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‘Anyone has a chance to be redeemed’ | Woman sent to prison for drugs found hope in TEO program

Tara Bennett, 36, was sent to prison for drugs. But it was in prison that Bennett found hope through the Goodwill Industries Transitional Employment Opportunity or TEO program. The program helps people re-enter society after they're released from prison. Because of that program, Bennett said her life has been changed.

LITTLE ROCK, Ark. (KTHV) - As part of THV11’s ongoing mission to raise awareness about the opioid epidemic and end the stigma of addition, we are introducing a new series, called Saving a Generation: Stories of Hope.

The goal of these stories is to provide hope to those struggling with addiction, by sharing real-life testimonies of those in recovery who are working to make their lives better every day, while also inspiring others who are struggling.

“I grew up as a normal child, going to church. I had really good parents who brought me up right,” said Tara Bennett.

It seems like the picture-perfect life, for now, 36-year-old Tara Bennett, but it was an image tainted by a life of addiction.

“Pills. Ecstasy. Acid. Everything. I experimented with everything,” said Bennett. Bennett was arrested multiple times for drug use when she was growing up. She eventually landed a felony at the age of 32, which sent her to prison.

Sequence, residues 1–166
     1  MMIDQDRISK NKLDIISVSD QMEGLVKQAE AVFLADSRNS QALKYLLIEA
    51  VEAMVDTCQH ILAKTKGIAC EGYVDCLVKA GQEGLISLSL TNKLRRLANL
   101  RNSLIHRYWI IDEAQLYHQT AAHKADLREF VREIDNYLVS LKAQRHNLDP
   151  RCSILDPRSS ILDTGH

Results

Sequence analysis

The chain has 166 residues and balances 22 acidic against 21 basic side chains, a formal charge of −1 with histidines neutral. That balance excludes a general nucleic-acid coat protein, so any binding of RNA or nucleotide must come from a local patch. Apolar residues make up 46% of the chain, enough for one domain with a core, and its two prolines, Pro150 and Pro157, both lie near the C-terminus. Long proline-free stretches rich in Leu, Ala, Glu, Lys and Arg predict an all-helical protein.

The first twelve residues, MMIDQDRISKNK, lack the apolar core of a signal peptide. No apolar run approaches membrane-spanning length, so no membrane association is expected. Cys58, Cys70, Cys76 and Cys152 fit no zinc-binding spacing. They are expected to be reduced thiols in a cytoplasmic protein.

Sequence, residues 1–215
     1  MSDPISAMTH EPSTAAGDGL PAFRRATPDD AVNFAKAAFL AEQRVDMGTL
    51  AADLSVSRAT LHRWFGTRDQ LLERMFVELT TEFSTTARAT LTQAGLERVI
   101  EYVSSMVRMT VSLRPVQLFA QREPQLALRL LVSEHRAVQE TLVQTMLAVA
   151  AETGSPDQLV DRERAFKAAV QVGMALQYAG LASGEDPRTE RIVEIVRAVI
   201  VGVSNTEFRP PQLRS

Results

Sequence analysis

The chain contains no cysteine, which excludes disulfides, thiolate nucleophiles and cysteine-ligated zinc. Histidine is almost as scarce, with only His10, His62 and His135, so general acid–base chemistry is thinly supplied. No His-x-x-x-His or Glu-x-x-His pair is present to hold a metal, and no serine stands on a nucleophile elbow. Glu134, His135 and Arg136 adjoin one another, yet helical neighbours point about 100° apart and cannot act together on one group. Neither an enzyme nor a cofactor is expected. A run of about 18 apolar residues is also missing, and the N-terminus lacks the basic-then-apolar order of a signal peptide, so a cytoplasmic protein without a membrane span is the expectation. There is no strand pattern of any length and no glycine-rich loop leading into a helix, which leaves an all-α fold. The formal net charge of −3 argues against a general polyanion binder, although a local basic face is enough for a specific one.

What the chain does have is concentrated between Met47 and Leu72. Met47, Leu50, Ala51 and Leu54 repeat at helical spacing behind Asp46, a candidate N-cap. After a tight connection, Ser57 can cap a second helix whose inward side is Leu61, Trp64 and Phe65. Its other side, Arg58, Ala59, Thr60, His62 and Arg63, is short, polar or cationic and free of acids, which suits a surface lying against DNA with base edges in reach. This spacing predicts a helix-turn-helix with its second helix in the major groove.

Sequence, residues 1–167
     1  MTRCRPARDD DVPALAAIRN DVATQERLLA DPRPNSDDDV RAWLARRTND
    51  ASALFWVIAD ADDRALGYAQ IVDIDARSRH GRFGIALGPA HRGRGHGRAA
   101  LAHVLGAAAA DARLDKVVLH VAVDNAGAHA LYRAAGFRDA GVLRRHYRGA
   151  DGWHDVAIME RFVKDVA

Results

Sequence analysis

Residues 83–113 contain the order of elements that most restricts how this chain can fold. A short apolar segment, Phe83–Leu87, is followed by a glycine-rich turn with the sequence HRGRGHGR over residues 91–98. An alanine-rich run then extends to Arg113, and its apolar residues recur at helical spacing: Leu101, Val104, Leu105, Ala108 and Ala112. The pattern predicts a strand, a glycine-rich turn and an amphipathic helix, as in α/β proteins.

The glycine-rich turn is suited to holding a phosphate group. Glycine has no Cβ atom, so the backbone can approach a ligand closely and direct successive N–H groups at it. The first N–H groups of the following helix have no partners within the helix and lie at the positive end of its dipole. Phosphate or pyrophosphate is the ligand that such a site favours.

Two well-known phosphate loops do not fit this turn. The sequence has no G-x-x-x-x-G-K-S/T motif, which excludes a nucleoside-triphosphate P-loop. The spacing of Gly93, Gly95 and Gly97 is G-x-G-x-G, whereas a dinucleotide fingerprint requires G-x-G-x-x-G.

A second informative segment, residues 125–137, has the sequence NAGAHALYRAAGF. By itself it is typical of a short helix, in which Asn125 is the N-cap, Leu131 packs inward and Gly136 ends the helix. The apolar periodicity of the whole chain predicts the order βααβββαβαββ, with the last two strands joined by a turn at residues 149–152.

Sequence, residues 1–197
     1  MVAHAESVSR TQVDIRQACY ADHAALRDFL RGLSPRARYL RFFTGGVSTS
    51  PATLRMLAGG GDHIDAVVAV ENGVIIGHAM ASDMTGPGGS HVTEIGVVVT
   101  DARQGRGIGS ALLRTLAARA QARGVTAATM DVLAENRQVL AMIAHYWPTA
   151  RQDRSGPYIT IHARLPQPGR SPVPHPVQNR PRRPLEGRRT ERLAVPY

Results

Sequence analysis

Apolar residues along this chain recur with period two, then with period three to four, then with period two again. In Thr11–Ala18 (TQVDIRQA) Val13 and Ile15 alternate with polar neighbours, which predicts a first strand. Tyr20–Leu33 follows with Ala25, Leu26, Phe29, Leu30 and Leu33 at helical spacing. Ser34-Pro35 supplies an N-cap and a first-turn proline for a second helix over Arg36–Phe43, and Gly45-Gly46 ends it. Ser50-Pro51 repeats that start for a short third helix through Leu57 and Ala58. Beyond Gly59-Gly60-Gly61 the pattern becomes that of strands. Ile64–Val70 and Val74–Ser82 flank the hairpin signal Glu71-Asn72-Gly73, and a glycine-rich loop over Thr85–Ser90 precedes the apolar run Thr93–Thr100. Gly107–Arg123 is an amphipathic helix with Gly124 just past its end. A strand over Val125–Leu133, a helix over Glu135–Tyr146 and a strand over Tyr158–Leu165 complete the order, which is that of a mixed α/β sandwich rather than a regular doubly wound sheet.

“I told myself, ‘What are you doing? Why are you doing this? You are so much more than this. This is not you. You’re not this person,’” said Bennett. It was inside prison that something changed inside of Bennett, a conversation that would transform her life. “My team and I we go into the prisons and we have one goal, to educate people on all the services Goodwill has and the resources for them so when they get out we can put a game plan in place to help them change their life,” said Rick Watson, Reentry Services Manager for Goodwill Industries.

It was there that Bennett learned about Goodwill Industries Transitional Employment Opportunity, or TEO program, which helps people re-enter society after they're released from prison. “I actually went online and looked up all I could about Goodwill and once I looked it up and saw what they were about, it wasn't just a thrift store it was way more than that,” said Bennett.

After she was released from prison, Bennett started work at Goodwill and eventually moved up the ranks. Two years after getting out, she is running the program that she credits for changing her life.

“God has really blessed me and led me here to help others and to use my past as a tool to help others. He took something horrible and made it into something wonderful,” said Bennett.

“One of the biggest things to me that shows that a person buys in and they want to change is they want to give back. Tara wanted to give back immediately and to be a part of giving back in other people’s lives and helping change their lives just like her life was changed,” said Watson.

“Anyone has a chance to be redeemed and be restored. It is possible and there is hope,” said Bennett.